Dirty Scoundrel

By: Jessica Clare



Goddamn it. That’s twice now I’ve thought of Natalie in the same day. Must be getting moody. “Dunno what I want. Ain’t this, that’s for sure.”

“No one wants this,” Knox says with a shrug of his shoulders. “But it comes for all of us in the end. Question is, you gonna end up in that box with regrets?”

The knot in my gut returns. “Maybe.”

“That’s your problem,” my wise little brother says. He wags a finger at me like he’s scolding a child. “You ain’t ruthless.”

“Huh?” I squint at him like he’s crazy.

“You’re the nice one, Clay.”

“I am?”

Knox nods sagely. “You’re the one everyone goes to when Boone needs softening up. You’re the one everyone looks to for a laugh, or to smooth things over. Everyone’s friend. You don’t know how to be ruthless. You’re so busy making sure everyone else is happy and smiling that you don’t go after what you want.”

Is that who I am? Just a happy-go-lucky piece of shit who’s miserable on the inside? I don’t think that’s me, but then again, this ache in my belly might be telling me otherwise. I look over at Boone and Ivy. She’s got her head on his shoulder, and I know when they leave here, he’s probably gonna rub her feet or rub her belly or, hell, just rub her all over. And she’ll fuss over him and they’ll end up doing it on the sofa in the foyer and someone will catch ’em. Again. And they’ll just laugh like it’s funny and Ivy will blush, and they both won’t be able to stop smiling. They’re so goddamn happy.

I look over at the widow and her boys. She’s herding them out of the building, tears streaking her face. She’s sobbed through the entire ceremony. Loved Eddie to pieces.

And I think of Nat again. Nat, and the way she curled her lip at me the last time I saw her. Nat, and how I wasn’t good enough for her. Nat, who chose her daddy and her family money over me, when I would have given her the moon if I’d have had two nickels to rub together.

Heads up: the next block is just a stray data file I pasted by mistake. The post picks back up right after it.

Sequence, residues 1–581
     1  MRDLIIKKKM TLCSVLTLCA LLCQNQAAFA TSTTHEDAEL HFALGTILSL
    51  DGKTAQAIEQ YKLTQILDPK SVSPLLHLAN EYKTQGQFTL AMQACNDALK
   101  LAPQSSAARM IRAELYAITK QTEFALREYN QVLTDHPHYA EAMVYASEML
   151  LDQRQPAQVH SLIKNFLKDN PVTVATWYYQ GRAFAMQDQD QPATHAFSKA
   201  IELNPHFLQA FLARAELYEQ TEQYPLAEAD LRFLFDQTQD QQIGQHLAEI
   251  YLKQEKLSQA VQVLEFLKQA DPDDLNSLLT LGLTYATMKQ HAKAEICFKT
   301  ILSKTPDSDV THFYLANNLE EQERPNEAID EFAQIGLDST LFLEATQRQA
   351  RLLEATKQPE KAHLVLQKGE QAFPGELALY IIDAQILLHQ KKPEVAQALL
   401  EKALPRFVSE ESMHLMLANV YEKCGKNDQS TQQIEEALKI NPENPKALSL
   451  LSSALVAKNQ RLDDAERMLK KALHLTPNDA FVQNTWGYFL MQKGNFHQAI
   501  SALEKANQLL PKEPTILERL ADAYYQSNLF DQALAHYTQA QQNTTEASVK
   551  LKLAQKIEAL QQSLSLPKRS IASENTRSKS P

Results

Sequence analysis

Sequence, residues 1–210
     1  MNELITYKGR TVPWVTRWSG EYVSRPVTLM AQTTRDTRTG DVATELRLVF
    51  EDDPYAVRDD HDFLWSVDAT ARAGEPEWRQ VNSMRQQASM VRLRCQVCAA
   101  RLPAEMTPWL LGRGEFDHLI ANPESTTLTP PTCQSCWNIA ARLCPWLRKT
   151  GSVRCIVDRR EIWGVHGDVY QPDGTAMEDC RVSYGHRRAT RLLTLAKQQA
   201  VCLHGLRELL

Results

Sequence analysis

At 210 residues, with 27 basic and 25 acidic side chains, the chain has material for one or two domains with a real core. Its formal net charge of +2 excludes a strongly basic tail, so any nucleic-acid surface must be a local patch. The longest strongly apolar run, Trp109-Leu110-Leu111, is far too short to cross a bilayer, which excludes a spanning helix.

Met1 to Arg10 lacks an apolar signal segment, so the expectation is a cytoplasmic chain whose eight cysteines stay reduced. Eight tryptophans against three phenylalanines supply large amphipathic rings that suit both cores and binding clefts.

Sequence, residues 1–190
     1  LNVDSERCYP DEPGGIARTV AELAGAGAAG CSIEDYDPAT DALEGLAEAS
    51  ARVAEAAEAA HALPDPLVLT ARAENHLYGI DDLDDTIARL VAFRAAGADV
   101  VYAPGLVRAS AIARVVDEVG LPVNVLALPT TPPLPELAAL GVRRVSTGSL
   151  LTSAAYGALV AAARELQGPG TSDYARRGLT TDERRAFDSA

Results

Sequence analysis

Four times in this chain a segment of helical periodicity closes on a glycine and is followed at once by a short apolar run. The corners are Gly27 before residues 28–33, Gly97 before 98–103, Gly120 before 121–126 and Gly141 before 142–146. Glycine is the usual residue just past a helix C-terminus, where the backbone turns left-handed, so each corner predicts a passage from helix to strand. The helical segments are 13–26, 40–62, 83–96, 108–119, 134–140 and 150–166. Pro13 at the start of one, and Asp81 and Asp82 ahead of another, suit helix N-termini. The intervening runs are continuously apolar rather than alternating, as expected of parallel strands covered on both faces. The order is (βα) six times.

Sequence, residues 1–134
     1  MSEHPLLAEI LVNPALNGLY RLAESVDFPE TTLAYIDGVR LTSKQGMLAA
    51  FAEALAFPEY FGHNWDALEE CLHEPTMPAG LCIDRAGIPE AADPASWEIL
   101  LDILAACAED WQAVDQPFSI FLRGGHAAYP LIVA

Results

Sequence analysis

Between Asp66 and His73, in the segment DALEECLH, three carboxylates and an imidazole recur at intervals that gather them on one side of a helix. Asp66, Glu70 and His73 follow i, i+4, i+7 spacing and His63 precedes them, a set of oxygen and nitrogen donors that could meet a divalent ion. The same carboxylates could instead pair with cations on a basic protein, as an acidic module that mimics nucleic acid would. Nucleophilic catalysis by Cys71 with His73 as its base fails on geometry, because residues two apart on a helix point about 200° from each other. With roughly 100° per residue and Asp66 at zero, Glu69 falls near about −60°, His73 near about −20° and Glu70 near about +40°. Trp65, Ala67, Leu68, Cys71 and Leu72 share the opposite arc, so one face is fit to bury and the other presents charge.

Nat, who I still jerk off to because I’m a sick son of a bitch with a massive hang-up.

“Gotta be ruthless,” Knox says. “That’s the only way you’re gonna get what you want.”

Maybe he’s right. Maybe it’s time I nut up and use some of this ridiculous money and be ridiculous with it. I glance over at Boone again. He threw around all kinds of money to push Ivy into dating him. Maybe I need to throw my weight around and act like the big man. Buy my way into the heart of the girl I always wanted but I could never have.

And then, once I’ve bought her heart, I can hold it in my hand and decide if I want to crush it or keep it.

Gotta be ruthless, after all.





Chapter Two



Seven years earlier



Clay

It’s time.

I can’t say I’m not nervous, though. Any guy would be. My palms are sweaty as I shove them into my jeans, but I’m determined. Tonight’s important. High school is over, and that means that it’s time to move on to the next phase in my life. I stand in front of the diner that I’ve agreed to meet Natalie’s father at, and try not to fidget.

I’m dressed up—well, as much as a guy like me can be. There ain’t much money for fancy clothes, but I borrowed one of Dad’s old dress shirts and tucked it into my best, least worn-out jeans. The shirt’s a little big but ain’t much to be done about it now. Nat wouldn’t care, though. She’s never cared that my T-shirts are about to fall apart or that my shoes come from Goodwill. She don’t care that I share a room in my dad’s shitty-ass trailer with my younger brothers. She’s never cared about any of that shit.

That’s why I love her.

That’s why I want to marry her.

A car pulls up to the restaurant I’m currently pacin’ in front of and my heart hammers in my chest. Tonight, me and Nat and her Dad are supposed to be havin’ dinner. I’m gonna meet Mr. Weston and do my best to charm him, and then tomorrow, I’m gonna go over and let him know I wanna propose to his daughter.

That I love Natalie Weston with all my heart, and that I might be poor right now, but I’m determined to give her a good life. That I’ll treat her like fuckin’ gold.

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